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The greatest! Shaun White’s clutch gold proves he’s the greatest Winter Olympian of his generation

Olympics Wire logo Olympics Wire 2/14/2018 Chris Chase
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In a career full of brilliance, Shaun White saved the best for last.

Standing in the gate as the final rider of the day and stuck in second place after some controversial judging, the American superstar needed a flawless run to come from behind and beat Japan’s Ayumu Hirano to win gold at the 2018 Winter Olympic, White dropped in, tuned out and put together the greatest run of his life – snatching the title away from Hirano and jumped even higher into the record books by winning his third gold medal in the snowboard in what figures to be his final Olympic performance.

It was the most exciting Olympic moment since Michael Phelps out-touched Milorad Cavic for gold-medal No. 7 in Beijing, one decade ago.

A few minutes before White was celebrating his newest addition to the trophy case, gold seemed so far away. The first of White’s three runs was nearly perfect and, at the time, figured to be good enough to win the whole thing. (Snowboarders get three runs on the halfpipe but only their best score counts.) But Hirano nailed his second run – putting together back-to-back 1440s – and took a controversial one-point led on White.


When the American fell on run No. 2 disaster felt imminent. White said his stunning fourth-place finish in Sochi has never left him but it would have been nothing compared to a one-point loss in Pyeonchang. For some, silver is the achievement of a lifetime. For Shaun White, it would have been his scarlet letter, a constant (if inaccurate) reminder that the end of his career couldn’t match the brilliance of the start. Two golds in his first two Olympics, one silver in his last two. His legacy was solidified long ago, but his legend still had room to grow.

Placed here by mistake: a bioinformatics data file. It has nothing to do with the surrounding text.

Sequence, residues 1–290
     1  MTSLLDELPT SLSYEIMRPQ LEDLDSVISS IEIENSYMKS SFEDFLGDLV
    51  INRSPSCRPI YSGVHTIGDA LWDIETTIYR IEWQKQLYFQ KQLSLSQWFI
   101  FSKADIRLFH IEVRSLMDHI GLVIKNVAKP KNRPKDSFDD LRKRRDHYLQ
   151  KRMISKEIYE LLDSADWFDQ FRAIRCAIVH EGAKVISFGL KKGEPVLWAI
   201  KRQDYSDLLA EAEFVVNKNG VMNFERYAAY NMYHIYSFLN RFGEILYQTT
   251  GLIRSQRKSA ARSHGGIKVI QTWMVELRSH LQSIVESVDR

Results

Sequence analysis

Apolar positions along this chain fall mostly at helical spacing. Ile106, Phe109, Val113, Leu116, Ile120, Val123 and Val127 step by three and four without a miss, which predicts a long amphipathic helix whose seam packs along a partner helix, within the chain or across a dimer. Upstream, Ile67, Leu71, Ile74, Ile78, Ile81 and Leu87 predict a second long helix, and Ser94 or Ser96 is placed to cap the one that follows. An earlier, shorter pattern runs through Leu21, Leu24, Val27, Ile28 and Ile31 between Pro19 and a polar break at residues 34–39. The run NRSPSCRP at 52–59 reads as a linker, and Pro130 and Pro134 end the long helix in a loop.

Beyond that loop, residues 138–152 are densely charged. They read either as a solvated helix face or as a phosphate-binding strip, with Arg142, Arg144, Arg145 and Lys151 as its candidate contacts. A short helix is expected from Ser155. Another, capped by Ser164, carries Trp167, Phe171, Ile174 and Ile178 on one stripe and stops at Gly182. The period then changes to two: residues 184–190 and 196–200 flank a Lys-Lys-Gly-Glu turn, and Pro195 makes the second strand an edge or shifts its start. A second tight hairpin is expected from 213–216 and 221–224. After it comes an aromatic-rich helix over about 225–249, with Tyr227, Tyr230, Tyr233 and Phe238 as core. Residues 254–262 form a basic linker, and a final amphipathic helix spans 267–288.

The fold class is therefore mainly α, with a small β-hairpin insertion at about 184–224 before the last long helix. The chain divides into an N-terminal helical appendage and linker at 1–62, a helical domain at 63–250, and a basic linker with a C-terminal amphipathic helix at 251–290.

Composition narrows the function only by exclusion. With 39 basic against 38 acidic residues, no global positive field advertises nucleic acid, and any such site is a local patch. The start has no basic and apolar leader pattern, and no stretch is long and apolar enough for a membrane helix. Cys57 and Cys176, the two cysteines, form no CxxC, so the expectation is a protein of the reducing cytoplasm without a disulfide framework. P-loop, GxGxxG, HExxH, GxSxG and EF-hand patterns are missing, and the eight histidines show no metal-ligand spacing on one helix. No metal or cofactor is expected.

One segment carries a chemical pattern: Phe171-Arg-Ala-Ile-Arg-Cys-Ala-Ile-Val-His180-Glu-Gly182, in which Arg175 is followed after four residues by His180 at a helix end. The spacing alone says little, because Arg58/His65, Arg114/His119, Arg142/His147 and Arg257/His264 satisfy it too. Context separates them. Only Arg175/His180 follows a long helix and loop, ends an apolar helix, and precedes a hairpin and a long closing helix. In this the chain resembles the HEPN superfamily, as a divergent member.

Oh, did it ever. With the weight of his athletic career on his board, White put together one of the most clutch performances the Winter Olympics has seen in years, maybe not since Dan Jansen won gold in his final race at the 1994 Lillehammer Games. This was like Tom Brady getting the ball with three minutes left in the Super Bowl, except this time, the all-time great made it happen.

Though it’ll be a mere footnote in the record books, White may have won the halfpipe 24 hours before he actually won the halfpipe. He and his two main competitors (Hirano and Scotty James of Australia) threw down stellar qualifying runs on Tuesday. Each was set to safely move on to the finals. Usually, snowboarders would be content to play it safe on their second run, seeing as how they were already into the final. But neither James nor Hirano did. White was game and ended up with a top score of 98.5. That proved crucial, allowing the 31-year-old to go last in the finals, something that worked to his advantage. He knew exactly what kind of run he needed to win gold and executed it to perfection.

White has said for the past four years that the massive disappointment he experienced in Sochi had never left him. On Wednesday night, he left that memory at the top of a halfpipe, never to return.


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